"Nearly 40% of pregnant women decrease or stop taking asthma medication because they are worried that it could be harmful to their unborn babies. However, our study indicates that severe asthma symptoms present the greater risk to mother and baby. Although this study does not explain why asthma attacks contribute to all these health issues, the likely mechanism is reduced oxygen supply for the mother and subsequently to the baby in the womb."
"This large and important study suggests that asthma that is not well controlled may have serious effects on pregnant women and their children. This highlights the importance of carefully maintaining asthma control and managing asthma symptoms during pregnancy. Pregnant women who have asthma need regular antenatal care to discuss their symptoms and ensure their medication is effective."s
Professor Jørgen Vestbo PhD, Chair, European Respiratory Society's Advocacy Council, University of Manchester. Prof Vestbo was not involved in the study.
The association between asthma exacerbation (AE) during pregnancy and adverse maternal and child health outcomes have not been appropriately investigated. Our objective was to determine the short- and long-term intergenerational effect of AE in pregnant women with asthma.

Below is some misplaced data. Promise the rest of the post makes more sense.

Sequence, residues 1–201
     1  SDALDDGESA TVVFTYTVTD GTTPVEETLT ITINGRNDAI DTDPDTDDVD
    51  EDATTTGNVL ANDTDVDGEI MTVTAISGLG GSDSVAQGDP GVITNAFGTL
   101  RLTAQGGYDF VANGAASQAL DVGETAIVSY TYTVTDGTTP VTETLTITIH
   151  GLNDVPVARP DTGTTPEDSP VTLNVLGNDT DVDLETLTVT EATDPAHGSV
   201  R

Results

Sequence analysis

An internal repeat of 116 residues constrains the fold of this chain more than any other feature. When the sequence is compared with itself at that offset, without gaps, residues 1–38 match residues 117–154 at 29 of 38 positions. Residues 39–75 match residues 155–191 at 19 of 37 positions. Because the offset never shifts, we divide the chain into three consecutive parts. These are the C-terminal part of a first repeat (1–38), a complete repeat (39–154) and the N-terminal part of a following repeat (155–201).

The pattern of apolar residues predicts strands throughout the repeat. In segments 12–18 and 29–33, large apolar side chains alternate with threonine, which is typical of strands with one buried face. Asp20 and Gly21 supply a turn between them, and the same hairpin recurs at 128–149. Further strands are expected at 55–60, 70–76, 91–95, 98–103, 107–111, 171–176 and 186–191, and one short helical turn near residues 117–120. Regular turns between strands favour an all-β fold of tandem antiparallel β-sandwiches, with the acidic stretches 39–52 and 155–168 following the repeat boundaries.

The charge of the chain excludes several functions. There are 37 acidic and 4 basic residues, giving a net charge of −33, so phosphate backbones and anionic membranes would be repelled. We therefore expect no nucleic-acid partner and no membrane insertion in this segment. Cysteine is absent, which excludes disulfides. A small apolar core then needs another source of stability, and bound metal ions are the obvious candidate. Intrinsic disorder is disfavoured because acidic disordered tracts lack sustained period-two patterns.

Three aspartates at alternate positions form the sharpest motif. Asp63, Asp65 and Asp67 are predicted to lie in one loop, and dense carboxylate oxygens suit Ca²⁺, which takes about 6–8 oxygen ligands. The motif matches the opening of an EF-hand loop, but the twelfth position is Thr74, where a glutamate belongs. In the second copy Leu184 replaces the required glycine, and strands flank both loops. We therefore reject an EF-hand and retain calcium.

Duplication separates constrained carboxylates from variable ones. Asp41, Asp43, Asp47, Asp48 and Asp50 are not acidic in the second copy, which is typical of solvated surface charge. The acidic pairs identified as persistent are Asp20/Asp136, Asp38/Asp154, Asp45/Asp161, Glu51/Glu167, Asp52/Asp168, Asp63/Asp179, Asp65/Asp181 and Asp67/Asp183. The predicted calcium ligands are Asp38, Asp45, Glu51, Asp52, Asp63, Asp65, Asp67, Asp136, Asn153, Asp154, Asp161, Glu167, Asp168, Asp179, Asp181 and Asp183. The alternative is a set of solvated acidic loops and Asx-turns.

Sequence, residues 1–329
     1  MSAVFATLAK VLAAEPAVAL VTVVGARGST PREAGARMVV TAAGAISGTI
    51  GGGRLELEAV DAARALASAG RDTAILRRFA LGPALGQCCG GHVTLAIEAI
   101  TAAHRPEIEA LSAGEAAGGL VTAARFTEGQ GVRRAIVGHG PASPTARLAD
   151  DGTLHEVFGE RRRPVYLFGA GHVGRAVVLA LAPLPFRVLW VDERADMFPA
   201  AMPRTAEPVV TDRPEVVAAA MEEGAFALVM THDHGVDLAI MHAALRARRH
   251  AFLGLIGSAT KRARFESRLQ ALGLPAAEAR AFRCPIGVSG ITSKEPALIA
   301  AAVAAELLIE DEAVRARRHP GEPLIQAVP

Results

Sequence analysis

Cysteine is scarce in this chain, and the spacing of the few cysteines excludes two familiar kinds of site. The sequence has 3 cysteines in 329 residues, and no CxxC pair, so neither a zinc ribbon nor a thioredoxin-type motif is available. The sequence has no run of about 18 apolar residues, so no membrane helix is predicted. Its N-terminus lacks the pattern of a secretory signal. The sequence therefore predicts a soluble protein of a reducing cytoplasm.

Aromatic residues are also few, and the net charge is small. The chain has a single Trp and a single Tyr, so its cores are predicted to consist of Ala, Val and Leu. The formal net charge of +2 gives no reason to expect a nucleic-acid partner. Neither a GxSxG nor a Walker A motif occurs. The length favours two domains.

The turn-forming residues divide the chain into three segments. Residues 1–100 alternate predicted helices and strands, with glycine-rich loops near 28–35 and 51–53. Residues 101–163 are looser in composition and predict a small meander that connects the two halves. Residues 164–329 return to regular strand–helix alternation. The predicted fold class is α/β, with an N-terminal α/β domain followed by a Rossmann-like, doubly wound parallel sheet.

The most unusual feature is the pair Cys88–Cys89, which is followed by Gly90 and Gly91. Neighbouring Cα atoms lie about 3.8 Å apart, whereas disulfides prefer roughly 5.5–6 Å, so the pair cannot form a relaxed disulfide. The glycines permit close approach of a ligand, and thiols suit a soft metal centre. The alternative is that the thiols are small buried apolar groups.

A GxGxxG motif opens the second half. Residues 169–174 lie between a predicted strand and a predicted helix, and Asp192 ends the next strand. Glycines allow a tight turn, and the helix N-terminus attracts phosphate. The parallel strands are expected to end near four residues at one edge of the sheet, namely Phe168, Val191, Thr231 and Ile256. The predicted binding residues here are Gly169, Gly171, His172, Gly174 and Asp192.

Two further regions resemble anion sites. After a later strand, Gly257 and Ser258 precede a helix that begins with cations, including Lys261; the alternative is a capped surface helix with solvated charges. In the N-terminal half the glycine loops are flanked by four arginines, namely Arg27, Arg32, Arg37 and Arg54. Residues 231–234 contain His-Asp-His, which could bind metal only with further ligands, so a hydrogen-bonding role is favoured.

A population cohort study was conducted using data from the Ontario asthma surveillance system and population-level health administrative data. AE in pregnant women with asthma was defined as at least one of the following criteria: >=5 physician visits, or 1 emergency department visit, or 1 hospital admission for asthma during pregnancy. Pregnancy complications, adverse perinatal outcomes, and early childhood respiratory disorders were identified using ICD codes 9th and 10th Revisions.